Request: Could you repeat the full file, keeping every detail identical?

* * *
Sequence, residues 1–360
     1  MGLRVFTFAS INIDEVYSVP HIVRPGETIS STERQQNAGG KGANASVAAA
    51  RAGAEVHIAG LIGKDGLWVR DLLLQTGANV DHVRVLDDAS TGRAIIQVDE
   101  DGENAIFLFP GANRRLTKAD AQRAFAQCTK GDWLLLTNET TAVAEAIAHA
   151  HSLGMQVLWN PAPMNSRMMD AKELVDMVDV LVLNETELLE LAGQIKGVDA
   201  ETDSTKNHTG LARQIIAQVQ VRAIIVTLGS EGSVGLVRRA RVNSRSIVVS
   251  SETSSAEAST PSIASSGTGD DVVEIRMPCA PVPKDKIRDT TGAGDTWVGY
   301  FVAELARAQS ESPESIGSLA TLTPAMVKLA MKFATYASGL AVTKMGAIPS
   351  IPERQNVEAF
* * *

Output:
Sequence, residues 1–360
     1  MGLRVFTFAS INIDEVYSVP HIVRPGETIS STERQQNAGG KGANASVAAA
    51  RAGAEVHIAG LIGKDGLWVR DLLLQTGANV DHVRVLDDAS TGRAIIQVDE
   101  DGENAIFLFP GANRRLTKAD AQRAFAQCTK GDWLLLTNET TAVAEAIAHA
   151  HSLGMQVLWN PAPMNSRMMD AKELVDMVDV LVLNETELLE LAGQIKGVDA
   201  ETDSTKNHTG LARQIIAQVQ VRAIIVTLGS EGSVGLVRRA RVNSRSIVVS
   251  SETSSAEAST PSIASSGTGD DVVEIRMPCA PVPKDKIRDT TGAGDTWVGY
   301  FVAELARAQS ESPESIGSLA TLTPAMVKLA MKFATYASGL AVTKMGAIPS
   351  IPERQNVEAF